Parenting Act Mediation

Parenting Act Mediation

In 2007 the Nebraska Legislature passed the Parenting Act.  As part of the Parenting Act the Office of Dispute Resolution was charged with the new responsibility of approving and maintaining a list of all Basic Parenting Education Courses, and second-level parenting education courses as well as approving and maintaining a list of Parenting Act Mediators. 

Mediations of parenting plans help parents keep their focus on the best interest of their child(ren) while ensuring a neutral and safe environment for each parent to address their concerns.  Parenting plans include details on how parenting responsibilities after separation or divorce will be allocated to ensure all needs of the children are met. These types of mediations require special attention as each parenting plan formed must comply with the Nebraska Parenting Act.  Therefore, the Office of Dispute Resolution has a detailed application process to ensure all approved mediators have the experience and training necessary to mediate parenting plans. 

To learn more about parenting plan mediations conducted at the six ODR-approved mediation centers see the Parenting Act Six Years in Review, and find your local, approved, non-profit mediation center for assistance with a parenting mediation on our Mediation Center Map and Contacts page.

Nebraska Parenting Act

Nebraska Parenting Act
Nebraska Parenting Act

If you are involved in Divorce or Custody proceedings in the state of Nebraska there is a high probability that your case falls within the Parenting Act. The Parenting Act brochure can help you determine what the court will require of you during these proceedings.  The Parenting Act:

  • emphasizes the "best-interests of the child" standard as the basis by which child custody and parenting time issues are resolved;
  • recognizes the importance of maintaining parent-child relationships while at the same time protecting victims of abuse and neglect;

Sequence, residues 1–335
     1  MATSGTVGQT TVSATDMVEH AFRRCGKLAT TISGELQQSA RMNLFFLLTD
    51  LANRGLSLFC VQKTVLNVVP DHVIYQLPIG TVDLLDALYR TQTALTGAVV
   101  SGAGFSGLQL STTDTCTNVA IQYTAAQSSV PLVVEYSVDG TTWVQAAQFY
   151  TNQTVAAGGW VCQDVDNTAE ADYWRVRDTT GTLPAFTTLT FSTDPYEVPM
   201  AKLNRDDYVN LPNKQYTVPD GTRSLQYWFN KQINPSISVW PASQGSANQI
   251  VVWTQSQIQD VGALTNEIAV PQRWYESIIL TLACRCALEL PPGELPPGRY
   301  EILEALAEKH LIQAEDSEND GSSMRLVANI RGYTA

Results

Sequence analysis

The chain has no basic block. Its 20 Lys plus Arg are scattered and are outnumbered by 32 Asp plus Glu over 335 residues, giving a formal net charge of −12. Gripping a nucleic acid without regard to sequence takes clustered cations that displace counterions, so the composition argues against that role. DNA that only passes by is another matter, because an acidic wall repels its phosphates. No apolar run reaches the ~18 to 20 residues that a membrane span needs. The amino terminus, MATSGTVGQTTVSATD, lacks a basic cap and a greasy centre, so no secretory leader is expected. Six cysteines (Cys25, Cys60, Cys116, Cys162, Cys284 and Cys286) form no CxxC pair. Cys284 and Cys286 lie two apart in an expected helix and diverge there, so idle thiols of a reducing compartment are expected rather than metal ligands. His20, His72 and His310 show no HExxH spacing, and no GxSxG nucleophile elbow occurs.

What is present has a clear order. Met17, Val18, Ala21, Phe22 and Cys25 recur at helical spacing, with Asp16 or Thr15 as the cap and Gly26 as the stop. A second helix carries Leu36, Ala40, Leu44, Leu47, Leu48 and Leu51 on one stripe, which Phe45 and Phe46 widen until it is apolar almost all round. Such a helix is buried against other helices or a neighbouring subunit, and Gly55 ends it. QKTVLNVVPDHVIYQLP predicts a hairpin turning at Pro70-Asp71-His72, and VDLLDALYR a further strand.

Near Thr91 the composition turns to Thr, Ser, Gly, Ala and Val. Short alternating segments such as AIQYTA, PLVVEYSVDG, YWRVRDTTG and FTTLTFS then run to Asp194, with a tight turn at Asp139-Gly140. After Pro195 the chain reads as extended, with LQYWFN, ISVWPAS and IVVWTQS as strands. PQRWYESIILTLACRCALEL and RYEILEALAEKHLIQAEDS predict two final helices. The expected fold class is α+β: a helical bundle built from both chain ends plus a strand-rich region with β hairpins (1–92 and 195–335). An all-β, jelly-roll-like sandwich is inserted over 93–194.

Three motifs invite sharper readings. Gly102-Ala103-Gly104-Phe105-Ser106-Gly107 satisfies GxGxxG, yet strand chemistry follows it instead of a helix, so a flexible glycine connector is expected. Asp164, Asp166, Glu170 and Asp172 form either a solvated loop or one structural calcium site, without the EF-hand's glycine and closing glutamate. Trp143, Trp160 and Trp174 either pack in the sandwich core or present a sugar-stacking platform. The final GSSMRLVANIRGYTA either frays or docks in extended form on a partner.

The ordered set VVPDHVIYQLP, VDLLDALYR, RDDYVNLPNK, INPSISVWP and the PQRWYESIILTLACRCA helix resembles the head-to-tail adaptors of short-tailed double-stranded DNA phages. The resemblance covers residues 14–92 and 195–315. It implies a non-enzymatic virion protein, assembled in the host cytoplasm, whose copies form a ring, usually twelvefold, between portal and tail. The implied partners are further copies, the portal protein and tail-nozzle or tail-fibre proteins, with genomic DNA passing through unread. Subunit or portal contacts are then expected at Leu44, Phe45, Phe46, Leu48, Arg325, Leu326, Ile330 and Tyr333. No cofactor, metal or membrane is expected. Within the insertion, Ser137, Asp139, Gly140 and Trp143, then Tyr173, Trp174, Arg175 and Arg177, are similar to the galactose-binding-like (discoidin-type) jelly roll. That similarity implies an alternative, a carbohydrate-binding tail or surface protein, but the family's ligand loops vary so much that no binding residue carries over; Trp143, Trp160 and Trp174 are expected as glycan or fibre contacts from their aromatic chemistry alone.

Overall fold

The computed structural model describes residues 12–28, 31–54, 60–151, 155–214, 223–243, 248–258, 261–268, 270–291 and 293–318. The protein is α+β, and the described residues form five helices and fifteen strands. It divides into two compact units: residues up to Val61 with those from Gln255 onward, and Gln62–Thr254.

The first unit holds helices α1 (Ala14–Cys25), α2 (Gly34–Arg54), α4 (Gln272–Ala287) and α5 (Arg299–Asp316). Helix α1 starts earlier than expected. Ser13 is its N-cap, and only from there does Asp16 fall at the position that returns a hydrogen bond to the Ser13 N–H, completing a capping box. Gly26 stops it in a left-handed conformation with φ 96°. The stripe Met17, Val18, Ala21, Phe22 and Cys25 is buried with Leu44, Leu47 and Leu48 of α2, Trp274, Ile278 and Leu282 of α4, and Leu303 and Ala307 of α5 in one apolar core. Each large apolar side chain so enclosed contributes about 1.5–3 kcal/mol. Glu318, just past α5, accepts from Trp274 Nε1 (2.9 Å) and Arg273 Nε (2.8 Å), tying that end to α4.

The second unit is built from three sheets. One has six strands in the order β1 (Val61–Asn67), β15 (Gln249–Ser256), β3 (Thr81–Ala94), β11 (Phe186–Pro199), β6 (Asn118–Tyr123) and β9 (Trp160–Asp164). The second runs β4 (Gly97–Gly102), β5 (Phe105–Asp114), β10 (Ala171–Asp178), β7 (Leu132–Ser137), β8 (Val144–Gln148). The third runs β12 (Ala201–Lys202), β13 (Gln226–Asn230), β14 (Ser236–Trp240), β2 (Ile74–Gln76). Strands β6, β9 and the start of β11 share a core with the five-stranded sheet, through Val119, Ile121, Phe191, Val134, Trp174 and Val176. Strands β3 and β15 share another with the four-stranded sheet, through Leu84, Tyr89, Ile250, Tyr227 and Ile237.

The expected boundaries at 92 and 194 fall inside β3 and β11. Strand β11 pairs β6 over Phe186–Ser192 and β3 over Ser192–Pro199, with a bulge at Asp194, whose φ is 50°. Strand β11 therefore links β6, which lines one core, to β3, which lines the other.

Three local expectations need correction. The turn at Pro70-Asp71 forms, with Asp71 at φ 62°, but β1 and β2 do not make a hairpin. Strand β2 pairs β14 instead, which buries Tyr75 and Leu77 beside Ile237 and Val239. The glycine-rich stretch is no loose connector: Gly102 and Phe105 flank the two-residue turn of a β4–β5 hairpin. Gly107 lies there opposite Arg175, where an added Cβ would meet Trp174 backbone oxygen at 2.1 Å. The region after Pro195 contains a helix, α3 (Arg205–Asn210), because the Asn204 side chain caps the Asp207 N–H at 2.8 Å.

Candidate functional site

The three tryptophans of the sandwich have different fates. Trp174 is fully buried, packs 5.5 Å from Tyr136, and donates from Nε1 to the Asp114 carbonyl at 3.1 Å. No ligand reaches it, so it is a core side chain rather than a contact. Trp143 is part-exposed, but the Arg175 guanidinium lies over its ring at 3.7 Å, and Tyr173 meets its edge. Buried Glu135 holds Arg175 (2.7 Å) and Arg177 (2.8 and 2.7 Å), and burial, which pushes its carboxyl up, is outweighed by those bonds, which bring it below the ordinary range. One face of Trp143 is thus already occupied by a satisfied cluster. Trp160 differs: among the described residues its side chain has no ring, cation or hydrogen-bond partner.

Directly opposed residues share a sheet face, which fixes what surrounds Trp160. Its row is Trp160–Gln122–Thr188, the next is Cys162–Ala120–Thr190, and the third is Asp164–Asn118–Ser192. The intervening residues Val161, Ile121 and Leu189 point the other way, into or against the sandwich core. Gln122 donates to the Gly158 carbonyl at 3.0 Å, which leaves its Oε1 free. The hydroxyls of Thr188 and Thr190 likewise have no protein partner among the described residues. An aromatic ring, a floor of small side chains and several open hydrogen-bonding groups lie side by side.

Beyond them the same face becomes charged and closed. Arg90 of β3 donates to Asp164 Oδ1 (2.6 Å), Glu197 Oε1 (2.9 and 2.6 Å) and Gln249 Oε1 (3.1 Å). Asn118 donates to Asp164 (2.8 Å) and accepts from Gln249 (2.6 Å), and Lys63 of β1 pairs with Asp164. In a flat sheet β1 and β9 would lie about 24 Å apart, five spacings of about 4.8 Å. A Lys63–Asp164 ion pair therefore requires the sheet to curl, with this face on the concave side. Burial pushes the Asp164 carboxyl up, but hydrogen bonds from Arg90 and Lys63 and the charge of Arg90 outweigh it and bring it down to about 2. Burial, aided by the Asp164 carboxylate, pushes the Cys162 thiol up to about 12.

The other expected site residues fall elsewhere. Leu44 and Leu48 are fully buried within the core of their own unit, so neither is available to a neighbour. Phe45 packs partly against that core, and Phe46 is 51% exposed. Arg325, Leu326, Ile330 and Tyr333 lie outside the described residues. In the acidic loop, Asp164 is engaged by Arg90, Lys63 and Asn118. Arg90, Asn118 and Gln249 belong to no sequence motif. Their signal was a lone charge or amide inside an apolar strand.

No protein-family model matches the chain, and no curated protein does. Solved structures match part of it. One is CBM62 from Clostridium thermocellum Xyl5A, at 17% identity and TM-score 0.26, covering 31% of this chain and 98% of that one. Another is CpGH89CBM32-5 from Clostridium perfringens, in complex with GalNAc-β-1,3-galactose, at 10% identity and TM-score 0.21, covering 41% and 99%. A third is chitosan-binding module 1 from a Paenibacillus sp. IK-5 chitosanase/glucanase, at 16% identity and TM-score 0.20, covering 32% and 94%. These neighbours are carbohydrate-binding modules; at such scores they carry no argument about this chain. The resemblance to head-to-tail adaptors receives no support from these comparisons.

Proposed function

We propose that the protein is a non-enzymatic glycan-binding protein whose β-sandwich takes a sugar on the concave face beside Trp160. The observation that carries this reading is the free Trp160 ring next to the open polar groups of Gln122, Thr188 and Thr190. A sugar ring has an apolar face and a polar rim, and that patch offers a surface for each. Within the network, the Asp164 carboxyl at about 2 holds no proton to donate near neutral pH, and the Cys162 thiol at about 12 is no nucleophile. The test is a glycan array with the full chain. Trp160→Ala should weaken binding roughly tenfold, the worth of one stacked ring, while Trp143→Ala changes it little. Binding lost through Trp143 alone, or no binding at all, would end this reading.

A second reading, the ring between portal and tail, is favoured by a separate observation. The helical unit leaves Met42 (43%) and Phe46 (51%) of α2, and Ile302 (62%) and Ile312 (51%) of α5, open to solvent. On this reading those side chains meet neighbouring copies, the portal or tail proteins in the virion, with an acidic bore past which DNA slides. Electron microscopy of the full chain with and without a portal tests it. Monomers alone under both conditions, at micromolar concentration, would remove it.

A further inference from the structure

• defines the court-recognized distinction between joint legal and joint physical custody arrangements;
  • requires parents involved in custody and parenting time cases to attend a parenting education course;
  • requires parenting plans for all parenting, custody, visitation, and access to children matters;
  • encourages the voluntary use of mediation to create parenting plans;
  • may require mediation in some contested cases.

What is a Parenting Plan?

What is a Parenting Plan?
What is a Parenting Plan?

Simply put, a Parenting Plan is a "blueprint" for how children are going to be co-parented after their parents have separated or divorced. In addition to indicating how the day-to-day time with the children will be shared, including during the holidays and vacation. A good parenting plan can include decisions on issues such as:

  • Who takes them on unexpected snow days, teacher-workshop days?
  • How will it be decided which school the children attend?
  • How will it be decided what daycare is used?
  • How will it be decided what religion the child is raised in?

A plan can even be as detailed as describing the amount of telephone contact with the child when at the other parent's home or who gets to choose the Halloween costumes and take the little ones Trick-or-Treating.

Parenting Plans can be developed by parents, attorneys, or through mediation. If no plan is developed, the court will order its own parenting plan.

Benefits to Mediating a Parenting Plan

Benefits to Mediating a Parenting Plan
Benefits to Mediating a Parenting Plan

1. Overriding benefit: establishes a plan in the best interest of the child

The overriding benefit of a mediated parenting plan is simple: mediating a plan allows both parents to come together in a neutral setting, generate options, and focus on the best interests of the child. The parents, rather than the judges, are involved in creating a solution. Most importantly, the process is designed to benefit the child. Mediation takes co-parenting out of the adversarial arena and into a cooperative, "what's best for the kids'' discussion.

2. Details for on-going parent-to-parent communication

Mediation helps to lay out the details for on-going parent-to-parent communication. At the end of the process, which can take from two to four mediation sessions, the parents have not only created their own plan for co-parenting their children, and they've also experienced a process that models how to handle future disagreements.

3. Reality testing

Assisting the parents to do 'reality testing' is one role of the mediator when creating a workable parenting plan. Reality testing involves planning for the "what ifs" that life throws your way. Because they've "seen it all" experienced mediators bring an extensive list of "what ifs" to the table for discussion and planning.

4. Results in greater satisfaction with the plan

Studies prove that parenting plans that have been developed with mediation are much more likely to be adhered to on a long-term basis as both parents crafted the agreement together.

In addition to the six ODR-mediation centers, Douglas County Court Conciliation and Mediation Services as well as many private mediators are qualified to assist you with creating a child centered parenting plan.  Please visit the Approved Parenting Act Mediator List for information on approved mediators in your area.